An American Muslim Preacher Faces His Own Mortality Usama Canon is the founding director of the Ta'leef Collective, a "third place" for Muslims between mosque and home. After an ALS disagnosis, he's reflecting on his work.

An American Muslim Preacher Faces His Own Mortality

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We're going to introduce you now to a man named Usama Canon. He's a Muslim preacher, and he has developed a significant following by helping American Muslims - from youths to converts to inmates - explore and understand Islam in their daily lives. Usama Canon now faces a new challenge. He's discovered that he has Lou Gehrig's disease or ALS. NPR's Leila Fadel spent some time with him.

LEILA FADEL, BYLINE: Usama Canon has this laid-back West Coast vibe. He wears a beanie and prayer beads wrapped around his wrist like a thick bracelet. And he sits on the floor.

UNIDENTIFIED CROWD: (Singing in foreign language).

FADEL: A drum circle sings praises of the Islamic Prophet Muhammad at Ta’leef Collective's Chicago campus. It's one of two, The other in Northern California. It's part lecture hall, part sanctuary, part gathering space. Mint tea is served on gold trays as incense burns and Canon begins to teach us.

USAMA CANON: If you find yourself religious but your religiosity has led you to be unkind or to be less than loving or less than patient, then you're doing something wrong.

FADEL: He's the California-born son of a black Baptist father and a white Christian mother. He became Muslim in 1996, embracing the faith through hip-hop and a pursuit of social justice. He spent many years working as a Muslim chaplain in the California prison system, calling those prisoners some of his greatest teachers. On a car ride on a rainy night, Canon describes Ta'leef.

CANON: It's rooted in the idea that Islam is not a foreign thing, and Islam is not suspect, and Islam is not malignant. Granted, I mean, there's all this insanity in the world, and there are Muslims doing the same things. But the core of the religion is a beautiful, beautiful thing.

FADEL: After studying with Islamic scholars in the U.S. and then abroad, his teachers convinced him to start Ta'leef over a decade ago.

CANON: Ta'leef was born. And so I just did what I knew how to do, which was like feed people and talk to them and hang out with them and hold them in a non-judgmental way.

FADEL: Zareena Grewal calls Canon unique. His online lectures have made him a global figure. She teaches at Yale University and writes extensively about U.S. Muslims.

ZAREENA GREWAL: He understands that there is a need for affirmation. Muslims feel really lonely. Pressures on the community often manifest in Muslim infighting, of feeling judged.

FADEL: She says he's been successful creating a third space between the mosque and home that is unreservedly welcoming, especially for young or new Muslims who feel judged by non-Muslims as a threat and then judged inside their own communities on whether they're Muslim enough. More than half of U.S. Muslims came of age after 9/11. Also, he makes Islam look cool, Grewal says, in the way he dresses - bow ties, pocket squares, lush fabrics - and the way he speaks, slipping from references to hip-hop to personal stories to quotes from the Quran.

GREWAL: It's really modeling a much more kind of expansive vision of what it means to be an ethical Muslim, and that to prove your piety, you don't need to don a turban or bow your head and be very quiet. You can have a little swag. You can be cool.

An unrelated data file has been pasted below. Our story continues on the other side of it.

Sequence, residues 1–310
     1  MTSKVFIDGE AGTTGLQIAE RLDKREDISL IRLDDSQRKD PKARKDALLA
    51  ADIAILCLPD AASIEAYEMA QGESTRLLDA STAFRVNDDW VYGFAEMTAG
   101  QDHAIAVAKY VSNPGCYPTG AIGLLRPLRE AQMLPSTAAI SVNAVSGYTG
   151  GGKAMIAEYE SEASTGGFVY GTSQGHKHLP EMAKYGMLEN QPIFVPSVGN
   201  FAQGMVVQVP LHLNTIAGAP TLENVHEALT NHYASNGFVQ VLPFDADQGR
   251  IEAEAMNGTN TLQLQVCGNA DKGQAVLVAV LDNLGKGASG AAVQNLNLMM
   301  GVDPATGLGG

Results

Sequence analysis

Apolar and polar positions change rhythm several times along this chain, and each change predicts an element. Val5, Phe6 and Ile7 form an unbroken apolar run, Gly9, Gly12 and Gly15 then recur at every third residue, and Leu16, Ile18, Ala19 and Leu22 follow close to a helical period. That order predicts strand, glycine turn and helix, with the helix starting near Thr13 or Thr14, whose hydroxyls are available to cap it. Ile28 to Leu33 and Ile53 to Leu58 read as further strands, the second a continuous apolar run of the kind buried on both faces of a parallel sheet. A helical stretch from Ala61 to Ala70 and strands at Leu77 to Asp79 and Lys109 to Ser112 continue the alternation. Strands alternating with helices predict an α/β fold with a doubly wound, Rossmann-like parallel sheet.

FADEL: Twenty-four-year-old Fatima Saleck met Canon at a Ta'leef mentorship program. The college student was struggling. Muslim extremists committing acts of violence left her angry and confused. Canon helped restore her faith, reminding her that humans are capable of bad and capable of good.

FATIMA SALECK: The connection that he gave us was so authentic. There's no facade behind it. There's no, oh, I'm a teacher, and I have studied overseas. It was just, hey, my name is Usama, and I understand what you're talking about.

FADEL: That authenticity is his greatest appeal says acclaimed Muslim hip-hop artist Brother Ali. He says Canon taught him there isn't just one way to be a good Muslim. Everyone has their role, and Brother Ali recalls Canon telling him his is his music. That message inspired his most recent album.


BROTHER ALI: (Rapping) Uncle Usi taught me - can't teach what you don't know, can't lead where you don't go.

FADEL: But Canon's disease, ALS, will eventually steal the voice he uses to teach and paralyze his body. He talks about sharing the diagnosis.

CANON: And then folks showing up. And it was almost kind of being a ghost in the room. I'm like, dude, I'm not dead yet, dude. Like, I'm right here. Like, why are we pre-mourning?

FADEL: His first thought when to his five kids. He may never see them marry. Most people die within 3 to 5 years of finding out. And with a time limit on his life, he thinks about the things that drive his faith and his work - orphans, the homeless, a prison system he sees as broken.

CANON: When we do this thing called community, we put our own twist on it. And the twist I put on it is a Northern Californian mixed kid who comes from a hip-hop, reggae, hacky-sacking, boogie-boarding...

FADEL: He reflects on what he's created.

CANON: It's only as lasting as the women and men that have hopefully benefited and learned.

FADEL: The next day, Mansoor Kazi of Ta'leef Chicago introduces Canon to a crowd of hundreds.

MANSOOR KAZI: Anyone in the audience that believes that Usama has also had a significant impact in their life, please stand.

FADEL: Every person stands. Leila Fadel, NPR News.


BROTHER ALI: (Rapping) Uncle Usi taught me - can't teach what you don't know, can't lead where you don't go.

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